Nothing at Busan for African Women, Children
Some 250,000 mothers are estimated to die in Africa every year, leaving behind infants with reduced chances of making it beyond five years of age. Statistics by Save the Children, an international non-government organisation, reveal that African countries claim nine out of ten bottom places in a worldwide maternal health ranking that involves 164 countries. As HLF4 opens up, one of the questions that is being raised is whether African mothers and children can acquire substantial aid from the conference. Ben Philips of Save the Children says, "Unfortunately, the Busan Outcome document, which basically summarises the Forum’s platform for action beyond the conference, isn’t ambitious enough to improve aid effectiveness. For instance, there is no strong commitment to untie aid."
In additon, experts on aid in Busan say that if donors had shown a strong commitment to untie aid as an outcome of the ongoing conference, this would have increased aid by 15 to 30 percent, consequently increasing the value of aid. And this is not the only way in which donors are letting African women and children down. Although the G-8 countries, comprising the world’s richest nations, committed to ensuring that 0.7 percent of their budget goes to aid. None of them has actualised this commitment. "There’s a clear aid deficit that makes it difficult for poor countries to channel money into sector budgets towards improving health services by employing qualified nurses and even having more health facilities in areas where the poor can easily access them," said Dan Badoo, a policy researcher.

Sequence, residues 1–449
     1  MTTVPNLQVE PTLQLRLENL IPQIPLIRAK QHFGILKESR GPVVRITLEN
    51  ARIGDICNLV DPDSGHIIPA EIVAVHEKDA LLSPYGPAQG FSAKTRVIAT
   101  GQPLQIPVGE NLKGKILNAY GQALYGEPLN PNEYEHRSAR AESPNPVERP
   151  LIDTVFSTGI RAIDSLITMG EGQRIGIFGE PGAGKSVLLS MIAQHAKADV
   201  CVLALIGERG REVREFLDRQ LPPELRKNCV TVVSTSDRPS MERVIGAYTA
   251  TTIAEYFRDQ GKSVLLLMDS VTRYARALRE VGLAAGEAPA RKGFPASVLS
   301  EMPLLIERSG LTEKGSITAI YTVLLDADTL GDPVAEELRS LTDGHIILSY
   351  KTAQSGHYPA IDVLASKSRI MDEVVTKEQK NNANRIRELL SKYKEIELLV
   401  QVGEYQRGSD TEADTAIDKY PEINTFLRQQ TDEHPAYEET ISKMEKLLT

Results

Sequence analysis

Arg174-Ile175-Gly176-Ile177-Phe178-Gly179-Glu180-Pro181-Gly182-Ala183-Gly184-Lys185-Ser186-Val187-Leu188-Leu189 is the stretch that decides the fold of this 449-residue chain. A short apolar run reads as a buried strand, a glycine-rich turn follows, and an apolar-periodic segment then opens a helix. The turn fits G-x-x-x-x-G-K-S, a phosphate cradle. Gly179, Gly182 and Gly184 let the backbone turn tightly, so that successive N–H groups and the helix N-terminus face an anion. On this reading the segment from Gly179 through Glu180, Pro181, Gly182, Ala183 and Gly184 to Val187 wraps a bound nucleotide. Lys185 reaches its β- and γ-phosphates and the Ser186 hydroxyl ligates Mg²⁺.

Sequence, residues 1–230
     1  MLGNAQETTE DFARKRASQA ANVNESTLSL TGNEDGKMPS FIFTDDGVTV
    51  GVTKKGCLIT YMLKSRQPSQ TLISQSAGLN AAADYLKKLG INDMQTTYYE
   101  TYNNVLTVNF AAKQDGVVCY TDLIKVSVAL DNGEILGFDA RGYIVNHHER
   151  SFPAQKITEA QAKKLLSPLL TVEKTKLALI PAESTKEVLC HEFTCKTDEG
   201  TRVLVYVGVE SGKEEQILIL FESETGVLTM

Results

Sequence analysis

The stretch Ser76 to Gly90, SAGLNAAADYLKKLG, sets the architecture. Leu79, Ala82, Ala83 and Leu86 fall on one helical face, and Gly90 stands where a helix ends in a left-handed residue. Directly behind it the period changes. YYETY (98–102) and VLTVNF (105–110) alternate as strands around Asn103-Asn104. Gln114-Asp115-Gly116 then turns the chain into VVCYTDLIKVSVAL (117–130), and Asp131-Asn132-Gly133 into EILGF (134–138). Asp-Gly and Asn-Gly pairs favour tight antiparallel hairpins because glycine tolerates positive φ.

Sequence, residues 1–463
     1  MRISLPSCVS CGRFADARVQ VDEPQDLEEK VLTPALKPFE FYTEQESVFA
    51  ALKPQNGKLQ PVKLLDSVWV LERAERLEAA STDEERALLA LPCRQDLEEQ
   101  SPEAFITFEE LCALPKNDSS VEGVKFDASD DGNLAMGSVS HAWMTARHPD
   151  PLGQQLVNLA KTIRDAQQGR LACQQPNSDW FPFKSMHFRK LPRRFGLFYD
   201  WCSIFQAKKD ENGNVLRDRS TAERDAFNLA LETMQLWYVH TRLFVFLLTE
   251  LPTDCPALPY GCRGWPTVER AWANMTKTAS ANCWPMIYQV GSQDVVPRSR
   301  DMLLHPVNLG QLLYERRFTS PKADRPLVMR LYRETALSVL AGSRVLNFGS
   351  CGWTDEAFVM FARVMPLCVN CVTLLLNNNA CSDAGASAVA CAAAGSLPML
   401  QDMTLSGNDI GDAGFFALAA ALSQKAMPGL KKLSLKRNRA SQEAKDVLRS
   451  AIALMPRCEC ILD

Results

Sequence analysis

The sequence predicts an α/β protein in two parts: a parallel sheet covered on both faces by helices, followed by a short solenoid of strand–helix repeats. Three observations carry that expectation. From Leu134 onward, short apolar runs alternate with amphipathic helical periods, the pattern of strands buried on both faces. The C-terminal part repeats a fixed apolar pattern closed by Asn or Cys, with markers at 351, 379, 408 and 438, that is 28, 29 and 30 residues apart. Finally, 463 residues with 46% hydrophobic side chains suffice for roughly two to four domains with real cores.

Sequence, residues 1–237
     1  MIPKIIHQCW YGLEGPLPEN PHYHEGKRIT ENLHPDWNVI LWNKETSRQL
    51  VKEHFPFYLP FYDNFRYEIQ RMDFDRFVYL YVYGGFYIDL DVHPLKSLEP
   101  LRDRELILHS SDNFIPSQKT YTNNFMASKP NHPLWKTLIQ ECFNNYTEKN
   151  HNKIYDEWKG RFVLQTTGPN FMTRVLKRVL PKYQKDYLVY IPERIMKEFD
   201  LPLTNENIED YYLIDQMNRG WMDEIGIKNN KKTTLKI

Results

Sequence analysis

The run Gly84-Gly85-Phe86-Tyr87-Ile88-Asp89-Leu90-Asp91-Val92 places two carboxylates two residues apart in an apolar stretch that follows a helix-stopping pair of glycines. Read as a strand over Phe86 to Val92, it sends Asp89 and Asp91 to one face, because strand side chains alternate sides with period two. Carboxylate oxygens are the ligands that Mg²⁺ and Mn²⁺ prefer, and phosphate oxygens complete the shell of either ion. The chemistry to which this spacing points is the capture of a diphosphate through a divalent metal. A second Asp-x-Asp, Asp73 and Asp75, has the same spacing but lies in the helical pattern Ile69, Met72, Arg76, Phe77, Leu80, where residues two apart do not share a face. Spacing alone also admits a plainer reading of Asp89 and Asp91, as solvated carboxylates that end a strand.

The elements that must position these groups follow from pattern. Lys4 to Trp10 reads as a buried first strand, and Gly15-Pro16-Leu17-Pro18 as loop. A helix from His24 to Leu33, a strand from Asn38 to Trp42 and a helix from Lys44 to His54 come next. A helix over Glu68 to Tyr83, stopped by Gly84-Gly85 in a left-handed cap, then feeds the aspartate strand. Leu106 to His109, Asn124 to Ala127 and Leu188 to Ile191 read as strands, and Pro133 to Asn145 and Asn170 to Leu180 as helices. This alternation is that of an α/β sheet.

Lastly, Philips emphasized, "When we say that this is the HLF 4, it all sounds so technical and elitist, but what the ordinary, poor persons really need is to experience how healthy aid can improve their lives, can give them better quality livelihoods and save dying mothers and infants."